Some people may have an emotional bond and desire to have sex with someone without being aesthetically attracted to them at all. On the other hand, other people may prioritize aesthetic attraction over romantic or intellectual attraction when looking for a partner.

There’s more than one kind of attraction

Although sexual and romantic are two of the most common types of attraction in today’s world, there are many other kinds. You may have found yourself feeling attracted to someone, but struggle to determine exactly how you feel. Are you attracted to them physically? Do you admire their intelligence or personality? Do you want to be sexually or romantically intimate with them?

Aesthetic attraction is something many people feel regularly. It can often be confusing and take some time to understand. While it’s sometimes an isolated feeling, it’s often the cause of sexual, physical, or romantic attraction. 

It’s important to remember that there are absolutely no rights or wrongs when it comes to feelings. How you experience attraction is unique to you and no way is better than any other. By learning more about attraction and expanding your knowledge of the subject, you can better understand yourself and improve your current and future platonic and romantic relationships.

If you’ve been struggling with attraction and you want to better understand your feelings, we’re here for you. Get in touch with us today and we can help support you through your emotional journey. 

Frequently Asked Questions

What are the signs of aesthetic attraction?

Signs of aesthetic attraction can vary from person to person, but some common indicators include:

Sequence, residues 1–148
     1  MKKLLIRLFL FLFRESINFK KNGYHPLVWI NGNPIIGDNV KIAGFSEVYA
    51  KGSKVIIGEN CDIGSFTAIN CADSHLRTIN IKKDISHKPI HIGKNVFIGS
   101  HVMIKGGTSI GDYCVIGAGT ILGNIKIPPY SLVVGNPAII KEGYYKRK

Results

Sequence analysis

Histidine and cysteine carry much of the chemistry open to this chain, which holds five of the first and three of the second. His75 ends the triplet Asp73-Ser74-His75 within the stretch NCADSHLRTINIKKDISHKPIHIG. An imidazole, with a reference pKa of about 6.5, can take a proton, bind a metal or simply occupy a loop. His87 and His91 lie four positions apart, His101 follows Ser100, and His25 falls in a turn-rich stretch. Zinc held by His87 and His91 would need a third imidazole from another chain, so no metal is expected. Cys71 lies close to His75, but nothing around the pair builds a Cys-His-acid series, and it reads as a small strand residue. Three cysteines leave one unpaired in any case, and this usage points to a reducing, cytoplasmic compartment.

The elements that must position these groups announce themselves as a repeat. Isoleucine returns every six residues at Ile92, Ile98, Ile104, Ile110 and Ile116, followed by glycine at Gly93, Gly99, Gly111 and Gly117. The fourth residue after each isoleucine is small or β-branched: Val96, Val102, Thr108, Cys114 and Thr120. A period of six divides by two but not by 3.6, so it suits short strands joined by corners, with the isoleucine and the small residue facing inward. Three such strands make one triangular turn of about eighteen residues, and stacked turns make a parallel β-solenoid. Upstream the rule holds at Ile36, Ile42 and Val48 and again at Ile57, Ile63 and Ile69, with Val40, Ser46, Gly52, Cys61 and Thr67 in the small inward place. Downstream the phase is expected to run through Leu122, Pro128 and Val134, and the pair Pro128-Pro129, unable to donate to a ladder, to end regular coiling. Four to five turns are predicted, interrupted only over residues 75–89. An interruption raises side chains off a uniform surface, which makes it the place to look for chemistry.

1. You may find yourself putting more effort into your appearance when you know you’ll be around someone you’re aesthetically attracted to.
  2. You Feel nervous or shy around someone you’re aesthetically attracted to.
  3. You constantly want to look at the person you’re attracted to.
  4. You think people are good-looking but don’t feel sexual attraction.

What is the difference between aesthetic attraction and emotional attraction?

Aesthetic attraction is primarily based on physical appearance. It refers to the feeling of being drawn to someone because you find them visually appealing or attractive. Emotional attraction, on the other hand, is based on a person’s personality, character, and emotional qualities. It involves feeling a deep connection with someone because of their emotional compatibility, kindness, sense of humor, shared values, and other non-physical factors.

Can you be demisexual and have aesthetic attraction?

Yes, it is possible to be demisexual and experience aesthetic attraction. Demisexuality is a sexual orientation in which a person typically does not experience sexual attraction to others until they have formed a strong emotional or romantic connection with them. This means that demisexual individuals may not experience immediate sexual attraction based solely on physical appearance or aesthetics.

The information on this page is not intended to be a substitution for diagnosis, treatment, or informed professional advice. You should not take any action or avoid taking any action without consulting with a qualified mental health professional. If you are in a crisis or any other person may be in danger,  these resources can provide you with immediate help:
Suicide and Crisis Lifeline 988
24 Hour Suicide Prevention Lifeline 1.800.273.8255
Crisis Text Line Text TALK to 741741